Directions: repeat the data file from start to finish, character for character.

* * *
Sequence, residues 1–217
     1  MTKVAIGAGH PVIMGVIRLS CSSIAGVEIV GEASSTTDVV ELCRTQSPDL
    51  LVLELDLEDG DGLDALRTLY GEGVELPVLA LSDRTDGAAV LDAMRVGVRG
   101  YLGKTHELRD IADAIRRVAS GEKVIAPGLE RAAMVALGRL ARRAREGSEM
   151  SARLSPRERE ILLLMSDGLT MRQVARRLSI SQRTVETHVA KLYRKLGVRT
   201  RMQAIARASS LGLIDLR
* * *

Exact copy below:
Sequence, residues 1–217
     1  MTKVAIGAGH PVIMGVIRLS CSSIAGVEIV GEASSTTDVV ELCRTQSPDL
    51  LVLELDLEDG DGLDALRTLY GEGVELPVLA LSDRTDGAAV LDAMRVGVRG
   101  YLGKTHELRD IADAIRRVAS GEKVIAPGLE RAAMVALGRL ARRAREGSEM
   151  SARLSPRERE ILLLMSDGLT MRQVARRLSI SQRTVETHVA KLYRKLGVRT
   201  RMQAIARASS LGLIDLR